Business leaders push for immigration reform to boost state economy
Felix Anaman became an American citizen Friday after coming to the U.S. from Ghana nearly eight years ago.
"Fashion brought me to America, and then love brought me to Iowa,” he said.
Now Anaman runs his own limousine company in Iowa City, Anaman Concierge Services.
"When we have a blend of cultures, it makes things wonderful,” he said. “I've come to realize that."
He's just the type of person Iowa businesses say they need.
"Many of our businesses are poised for growth, are poised for expansion, and the biggest inhibitor to that right now is workforce,” said Doug Neumann, executive director of the Cedar Rapids Metro Economic Alliance.
That’s the problem in Iowa: There are more jobs than people.
So business leaders from across the state have signed the Iowa Compact on Immigration, a set of principles for what they call smart immigration reform.
The compact, which was presented to the public Monday, features six main principles: federal responsibility, strengthening our economy and workforce, a common-sense approach, effective enforcement, family and competitive communities.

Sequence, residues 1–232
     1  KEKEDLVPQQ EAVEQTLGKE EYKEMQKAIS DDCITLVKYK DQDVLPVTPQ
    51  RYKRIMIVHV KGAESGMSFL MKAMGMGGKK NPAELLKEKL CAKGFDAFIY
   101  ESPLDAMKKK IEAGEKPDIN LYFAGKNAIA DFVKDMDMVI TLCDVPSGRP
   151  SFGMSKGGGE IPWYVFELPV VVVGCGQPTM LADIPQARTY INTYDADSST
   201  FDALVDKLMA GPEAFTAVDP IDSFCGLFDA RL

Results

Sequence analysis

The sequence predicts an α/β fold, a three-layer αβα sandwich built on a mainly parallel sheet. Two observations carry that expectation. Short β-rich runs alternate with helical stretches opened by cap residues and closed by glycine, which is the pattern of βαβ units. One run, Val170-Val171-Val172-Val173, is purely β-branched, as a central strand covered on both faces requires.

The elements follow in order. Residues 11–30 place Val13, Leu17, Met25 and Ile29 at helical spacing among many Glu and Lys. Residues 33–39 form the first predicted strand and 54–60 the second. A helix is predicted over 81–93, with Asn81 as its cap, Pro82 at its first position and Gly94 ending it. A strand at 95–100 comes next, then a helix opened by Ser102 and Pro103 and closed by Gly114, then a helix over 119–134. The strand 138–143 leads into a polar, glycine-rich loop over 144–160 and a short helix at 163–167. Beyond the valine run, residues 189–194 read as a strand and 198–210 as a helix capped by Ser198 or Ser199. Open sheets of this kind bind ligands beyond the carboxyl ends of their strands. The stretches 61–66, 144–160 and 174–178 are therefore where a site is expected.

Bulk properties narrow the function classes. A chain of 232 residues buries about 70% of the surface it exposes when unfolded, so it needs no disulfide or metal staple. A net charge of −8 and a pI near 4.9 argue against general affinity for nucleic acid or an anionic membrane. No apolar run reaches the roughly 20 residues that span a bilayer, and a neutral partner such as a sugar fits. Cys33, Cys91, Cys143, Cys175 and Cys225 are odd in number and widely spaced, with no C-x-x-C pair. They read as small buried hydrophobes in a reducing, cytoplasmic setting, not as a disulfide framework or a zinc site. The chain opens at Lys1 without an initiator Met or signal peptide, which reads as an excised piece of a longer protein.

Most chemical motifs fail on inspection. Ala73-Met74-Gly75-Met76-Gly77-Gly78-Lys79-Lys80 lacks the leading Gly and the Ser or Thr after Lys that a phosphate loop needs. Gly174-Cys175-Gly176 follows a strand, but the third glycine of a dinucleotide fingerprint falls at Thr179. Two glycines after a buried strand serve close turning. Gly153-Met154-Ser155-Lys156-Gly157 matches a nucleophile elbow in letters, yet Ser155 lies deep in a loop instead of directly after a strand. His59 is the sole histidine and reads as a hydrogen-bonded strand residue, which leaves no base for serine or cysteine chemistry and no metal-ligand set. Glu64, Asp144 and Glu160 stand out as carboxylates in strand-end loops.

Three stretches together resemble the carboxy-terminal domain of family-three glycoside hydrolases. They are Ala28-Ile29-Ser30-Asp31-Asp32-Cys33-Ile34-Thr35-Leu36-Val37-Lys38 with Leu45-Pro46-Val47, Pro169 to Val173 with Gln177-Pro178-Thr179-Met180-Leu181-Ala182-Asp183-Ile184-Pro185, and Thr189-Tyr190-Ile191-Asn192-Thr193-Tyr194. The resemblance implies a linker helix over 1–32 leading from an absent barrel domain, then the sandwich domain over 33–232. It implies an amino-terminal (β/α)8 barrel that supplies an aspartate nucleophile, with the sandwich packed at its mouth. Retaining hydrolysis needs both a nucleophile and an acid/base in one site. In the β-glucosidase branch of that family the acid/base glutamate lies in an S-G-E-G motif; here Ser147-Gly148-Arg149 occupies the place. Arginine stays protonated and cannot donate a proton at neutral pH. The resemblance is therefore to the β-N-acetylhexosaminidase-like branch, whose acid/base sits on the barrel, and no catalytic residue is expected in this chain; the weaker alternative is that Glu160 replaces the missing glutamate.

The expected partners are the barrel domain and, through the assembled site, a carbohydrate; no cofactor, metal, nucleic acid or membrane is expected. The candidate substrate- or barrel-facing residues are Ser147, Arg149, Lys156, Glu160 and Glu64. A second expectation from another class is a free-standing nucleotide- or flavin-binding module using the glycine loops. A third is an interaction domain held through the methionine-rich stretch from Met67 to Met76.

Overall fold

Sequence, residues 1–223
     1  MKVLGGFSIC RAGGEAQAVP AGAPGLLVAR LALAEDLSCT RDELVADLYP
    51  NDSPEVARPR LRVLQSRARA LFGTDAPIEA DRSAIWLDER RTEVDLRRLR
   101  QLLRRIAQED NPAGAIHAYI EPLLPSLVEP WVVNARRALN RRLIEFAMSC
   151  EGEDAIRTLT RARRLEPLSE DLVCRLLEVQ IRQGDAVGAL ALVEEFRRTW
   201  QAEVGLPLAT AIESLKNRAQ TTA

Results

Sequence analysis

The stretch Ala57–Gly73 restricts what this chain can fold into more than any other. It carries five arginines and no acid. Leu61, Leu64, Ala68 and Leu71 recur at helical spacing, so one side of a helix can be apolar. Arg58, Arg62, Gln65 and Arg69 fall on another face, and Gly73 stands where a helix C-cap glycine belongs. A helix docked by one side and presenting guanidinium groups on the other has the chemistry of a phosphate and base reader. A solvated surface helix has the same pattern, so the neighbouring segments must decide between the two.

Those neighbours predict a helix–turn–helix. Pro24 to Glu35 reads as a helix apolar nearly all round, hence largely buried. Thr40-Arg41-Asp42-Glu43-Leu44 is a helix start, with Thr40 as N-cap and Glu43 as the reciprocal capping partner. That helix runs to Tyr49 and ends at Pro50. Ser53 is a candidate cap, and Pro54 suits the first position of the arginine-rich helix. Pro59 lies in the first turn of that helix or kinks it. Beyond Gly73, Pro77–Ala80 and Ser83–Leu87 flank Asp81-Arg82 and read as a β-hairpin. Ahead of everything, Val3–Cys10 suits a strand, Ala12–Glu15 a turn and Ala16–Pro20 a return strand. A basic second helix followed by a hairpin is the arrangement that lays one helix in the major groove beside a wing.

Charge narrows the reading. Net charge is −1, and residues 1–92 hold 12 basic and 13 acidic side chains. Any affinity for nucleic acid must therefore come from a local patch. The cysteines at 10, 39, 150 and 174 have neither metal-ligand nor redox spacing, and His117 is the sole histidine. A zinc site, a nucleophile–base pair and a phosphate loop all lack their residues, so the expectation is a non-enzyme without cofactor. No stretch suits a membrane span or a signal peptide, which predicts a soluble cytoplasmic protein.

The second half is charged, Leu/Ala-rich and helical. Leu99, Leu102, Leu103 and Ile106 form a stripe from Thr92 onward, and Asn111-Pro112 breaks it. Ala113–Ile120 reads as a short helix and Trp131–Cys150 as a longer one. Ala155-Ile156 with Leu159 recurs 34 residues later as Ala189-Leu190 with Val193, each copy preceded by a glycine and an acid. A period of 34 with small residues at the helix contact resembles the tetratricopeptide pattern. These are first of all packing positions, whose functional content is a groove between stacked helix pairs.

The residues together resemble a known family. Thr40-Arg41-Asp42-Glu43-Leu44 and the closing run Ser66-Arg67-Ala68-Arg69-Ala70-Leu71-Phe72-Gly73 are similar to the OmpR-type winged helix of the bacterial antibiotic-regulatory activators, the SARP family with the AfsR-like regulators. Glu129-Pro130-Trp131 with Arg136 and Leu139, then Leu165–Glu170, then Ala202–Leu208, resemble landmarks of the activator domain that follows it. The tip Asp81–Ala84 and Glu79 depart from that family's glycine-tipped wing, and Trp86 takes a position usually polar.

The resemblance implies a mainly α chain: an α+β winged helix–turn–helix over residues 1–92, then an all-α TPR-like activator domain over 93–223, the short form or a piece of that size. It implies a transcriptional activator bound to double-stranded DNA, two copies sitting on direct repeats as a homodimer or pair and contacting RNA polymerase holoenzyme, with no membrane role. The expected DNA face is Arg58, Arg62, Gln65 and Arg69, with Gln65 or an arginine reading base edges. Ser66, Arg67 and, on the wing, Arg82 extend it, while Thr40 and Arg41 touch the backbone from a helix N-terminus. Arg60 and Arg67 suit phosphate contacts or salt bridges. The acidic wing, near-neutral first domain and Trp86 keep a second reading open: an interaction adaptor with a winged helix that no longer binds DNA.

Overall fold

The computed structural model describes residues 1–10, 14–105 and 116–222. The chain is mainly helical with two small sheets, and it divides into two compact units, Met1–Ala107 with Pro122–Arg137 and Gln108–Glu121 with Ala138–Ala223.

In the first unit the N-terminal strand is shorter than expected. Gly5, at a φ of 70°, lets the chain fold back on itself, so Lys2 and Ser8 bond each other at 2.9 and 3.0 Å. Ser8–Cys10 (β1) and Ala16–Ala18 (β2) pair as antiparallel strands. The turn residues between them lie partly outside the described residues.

"I think the words that attracted us to it were 'fair and common-sense immigration reform,'" said Scott Stimart, who signed the compact on behalf of Genova Technologies, a software engineering company for which Stimart serves as president and general manager.
He hopes immigration reform will help solve a workforce shortage that has only gotten worse in the last few years.
"When we had an opening [in the past], we had 15 really good candidates,” Stimart said. “When you have an opening now, you work really hard to find good candidates, one good candidate."
About a dozen of Genova's 75 employees are immigrants, but the company said taking on immigrant employees means extra paperwork and cost.
"As you're going through and trying to get the proper sponsorship and visa support and status for our employees, if you don't, they can be denied, and then, they're looking at having to leave or not get their work authorization extended,” Genova Financial Controller Peg Moses said.
While those extra steps are worth it, Stimart said he hopes immigration reform can make that easier.
"We have more jobs in this state than we produce graduates for,” he said. “So even if we kept all our graduates, we'd still be looking for people, so we obviously need to bring people in."
For Anaman, encouraging more immigrants to come and work in Iowa will do more than just help the state’s economy.
"It's a great place, and I want people to come and experience what I am talking about because indeed, it is that wonderful place,” he said.